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Is the HR “Specialist” Function Becoming Obsolete?
Posted By Janine Truitt On July 11, 2012 @ 5:26 am In Opinion | 8 Comments
More and more there is talk of the HR business partner and HR generalist functions when it comes to all things HR. These functions are HR’s way of aligning with the C-suite or, as most say, getting a “seat at the table.” To have the HR business partner or HR generalist in your organization says you are being “strategic.” In any event, both of these roles are handling everything from succession planning to recruitment plans, depending on the organizations’ structure.
That said, one might ask what is the use in having a “specialist” in HR? More importantly, what are the implications for recruiters if indeed this is a trend? I’ll address both separately.
Traditionally, HR has been comprised of varying levels and types of specialists all well-versed in a specific area of HR (e.g. compensation analysts and benefits specialists). Since HR generalists and HR business partners are being embedded in the various departments and groups, conversations that were generally happening with specialists regarding their specialty are happening with HR business partners and/or HR generalists instead. The hope is that central HR has some allies out there in the field. This group’s primary function is to be in the trenches with the customer and also to champion the work that HR does. If the business partner and generalist are seeing the day-to-day and have the ability to mitigate and/or resolve issues at the department level, maybe there is no need for the “specialist.”
This fashionable push toward the business partner model may be seen as polarizing to the HR function on the whole, and perhaps it is.
For example, let’s look at the recruiter role — also called a talent acquisition specialist. Traditionally in this role you are responsible for the attraction, selection, and hiring of professionals for your company. Any recruiter worth their salary doesn’t just post jobs, route candidates, interview, and hire people. If you’re really good at what you do, you were already a business partner to your internal customers. You were contacted when vacancies were on the horizon. You set meetings to proactively develop job descriptions and recruitment plans. In addition, you help them come to realizations as they plan for future positions advising them of candidate availability and market conditions. You pre-screen, interview, and develop offers with the input of compensation and others to ensure internal equity.
Where does the talent acquisition specialist/recruiter fit in now, if there is suddenly someone else who is doing what they have always done? It leaves the recruiter confused and unsure of where to focus their energy. In other cases, the recruiter may wonder what their purpose is.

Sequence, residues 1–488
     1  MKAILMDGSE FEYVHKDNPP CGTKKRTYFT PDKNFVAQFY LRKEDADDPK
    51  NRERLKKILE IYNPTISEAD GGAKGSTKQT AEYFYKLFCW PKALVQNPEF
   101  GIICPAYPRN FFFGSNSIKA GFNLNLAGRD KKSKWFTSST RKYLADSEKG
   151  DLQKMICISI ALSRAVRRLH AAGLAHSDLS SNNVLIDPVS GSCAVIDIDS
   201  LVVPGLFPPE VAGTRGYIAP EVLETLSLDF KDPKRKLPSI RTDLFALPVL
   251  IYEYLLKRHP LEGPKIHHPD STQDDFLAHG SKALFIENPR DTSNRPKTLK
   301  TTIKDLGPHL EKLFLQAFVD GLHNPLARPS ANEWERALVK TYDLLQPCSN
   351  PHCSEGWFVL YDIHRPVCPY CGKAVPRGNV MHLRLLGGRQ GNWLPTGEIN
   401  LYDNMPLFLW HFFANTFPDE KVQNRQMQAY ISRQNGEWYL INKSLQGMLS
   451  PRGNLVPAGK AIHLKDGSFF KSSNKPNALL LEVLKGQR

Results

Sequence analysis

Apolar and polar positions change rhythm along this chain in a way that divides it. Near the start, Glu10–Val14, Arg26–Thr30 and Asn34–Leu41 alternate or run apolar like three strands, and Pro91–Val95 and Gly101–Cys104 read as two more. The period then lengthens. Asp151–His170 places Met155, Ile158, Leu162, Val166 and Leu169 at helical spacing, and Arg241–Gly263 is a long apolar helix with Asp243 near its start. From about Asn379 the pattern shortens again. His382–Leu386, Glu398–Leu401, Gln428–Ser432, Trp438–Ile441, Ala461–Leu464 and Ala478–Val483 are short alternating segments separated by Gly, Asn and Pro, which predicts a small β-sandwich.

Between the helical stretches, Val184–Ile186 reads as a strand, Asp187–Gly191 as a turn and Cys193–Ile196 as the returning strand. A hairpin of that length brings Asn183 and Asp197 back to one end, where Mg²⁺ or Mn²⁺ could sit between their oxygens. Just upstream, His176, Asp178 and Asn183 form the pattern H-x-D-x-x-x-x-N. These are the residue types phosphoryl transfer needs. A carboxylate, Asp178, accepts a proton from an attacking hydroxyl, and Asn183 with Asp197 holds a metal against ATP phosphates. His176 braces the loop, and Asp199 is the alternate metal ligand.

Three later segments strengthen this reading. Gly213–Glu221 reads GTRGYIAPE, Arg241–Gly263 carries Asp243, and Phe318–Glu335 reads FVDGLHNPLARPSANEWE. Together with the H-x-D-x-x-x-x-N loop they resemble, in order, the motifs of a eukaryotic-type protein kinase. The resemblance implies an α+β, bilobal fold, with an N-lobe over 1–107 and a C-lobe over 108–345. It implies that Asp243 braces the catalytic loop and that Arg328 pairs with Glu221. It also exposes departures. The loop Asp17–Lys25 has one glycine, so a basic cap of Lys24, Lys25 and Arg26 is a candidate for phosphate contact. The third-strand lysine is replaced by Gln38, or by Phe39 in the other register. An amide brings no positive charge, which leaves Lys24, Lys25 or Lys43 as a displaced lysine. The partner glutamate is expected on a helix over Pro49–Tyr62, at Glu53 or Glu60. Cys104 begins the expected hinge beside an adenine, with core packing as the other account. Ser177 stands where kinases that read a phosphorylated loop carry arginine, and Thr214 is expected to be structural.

Some organizations — due to the lack of adequate staff and the economic downturn — have shifted more and more responsibility away from central HR to the HR business partner or HR generalist as a cost savings. In effect, the HR generalist and HR business partner are no longer just doing the “strategic” work but they are also acting in the capacity of central HR. This trend certainly makes it seem like HR is moving toward having a “Jack or Jane of all trades” function like the generalist and/or business partner who can do it all, rather than having different specialists for each facet of HR.
The overarching question is: can these practitioners do it all, and do it all effectively? The answer to that question depends on these three variables: the size of the organization, the amount of HR functions to be handled, and the amount of support the company is willing to supply to these decentralized practitioners. Without these three variables being properly considered and planned for, the role of the “partner in the trenches” is basically a joke. Deploying these practitioners without proper support, resources, and with a ridiculous workload will result in burnout, things left undone, or done in an untimely matter and a lack of focus. All of ths will cast HR in a light of being inefficient and not adding value, which is the opposite of our intention.
Less is not always more. We may think we are being more efficient and strategic by decreasing headcount and consolidating responsibilities — but it may be to our demise. There is something powerful in having specialists, business partners, and generalists working toward the goal of ensuring a happy and productive workforce. Depending on your companies’ needs you will ultimately decide what is right for your organization under the current economic climate. However, in deciding how to structure your HR department and best service both your internal and external customers, consider the risks and opportunities involved in using an HR generalist or business partner in lieu of or with the help of other HR specialists.
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